Middle Class Problems: Our recycling reveals to all and sundry what we've eaten, drunk, and plain had enough of

Must the neighbours know that while we adored the organic salad they brought around, we sullied it with an extra-large pizza of dubious provenance?

We have a song for Monday night at home. To be fair, I have a song for Monday night. Really it's less a song, more a refrain. "Bin Night, yes, it's Bin Night, oh Bin Night," in a loop. Somehow, it makes gathering the rubbish from around the house less dull.

But Tuesday morning is not only the time for refuse collection. It's also the time at which the recycling to be picked up. I do not have a song for this.

Why? It's not just that "recycling" falls less easily into the rhythm of a ditty. It's that recycling is not something I have to gather – it's something that we place in the green box, which sits in our vestibule, throughout the week. Diligent, we are, in saving the Earth. Diligent and, also, mildly embarrassed.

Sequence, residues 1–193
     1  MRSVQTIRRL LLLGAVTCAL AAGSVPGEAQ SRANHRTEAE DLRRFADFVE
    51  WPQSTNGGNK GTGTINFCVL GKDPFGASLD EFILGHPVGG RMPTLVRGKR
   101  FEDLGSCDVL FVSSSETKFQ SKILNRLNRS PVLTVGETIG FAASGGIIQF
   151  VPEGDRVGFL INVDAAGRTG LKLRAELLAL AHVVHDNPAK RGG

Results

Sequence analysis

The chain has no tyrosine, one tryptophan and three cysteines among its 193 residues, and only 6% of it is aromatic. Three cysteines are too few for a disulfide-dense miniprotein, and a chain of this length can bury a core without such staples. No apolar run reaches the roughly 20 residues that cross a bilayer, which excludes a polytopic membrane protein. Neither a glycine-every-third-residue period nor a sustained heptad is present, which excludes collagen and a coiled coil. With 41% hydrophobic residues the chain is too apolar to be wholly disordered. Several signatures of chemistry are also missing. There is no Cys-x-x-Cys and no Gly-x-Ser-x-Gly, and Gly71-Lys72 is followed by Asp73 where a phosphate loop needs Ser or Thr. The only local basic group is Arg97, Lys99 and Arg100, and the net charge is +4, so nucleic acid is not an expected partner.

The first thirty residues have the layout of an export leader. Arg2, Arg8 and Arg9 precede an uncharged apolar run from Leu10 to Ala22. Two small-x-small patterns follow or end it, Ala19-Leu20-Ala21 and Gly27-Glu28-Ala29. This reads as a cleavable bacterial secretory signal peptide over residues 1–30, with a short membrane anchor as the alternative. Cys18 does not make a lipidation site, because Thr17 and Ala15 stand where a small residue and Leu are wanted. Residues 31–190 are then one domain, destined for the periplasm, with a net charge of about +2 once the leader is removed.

Embarrassed because unlike the bin bags (black, industrial strength, tied at the top), our recycling sits there, once the lid has invariably blown off/been set askew by the crows, and brazenly reveals to all and sundry what we've eaten, drunk, bought and plain had enough of.

Must the neighbours know that while we adored the organic salad they brought around, we sullied it with an extra-large pizza of dubious provenance (ie not Waitrose)? Must local friends be made aware that we still order goods from companies that don't pay their share of tax, even if we tut at their name in public? Does the personal trainer who lives two doors down really have to know how much booze we down?

This is the price we must pay, I tell myself, and hurriedly cover the lot with newspapers, hoping that they won't fly away.

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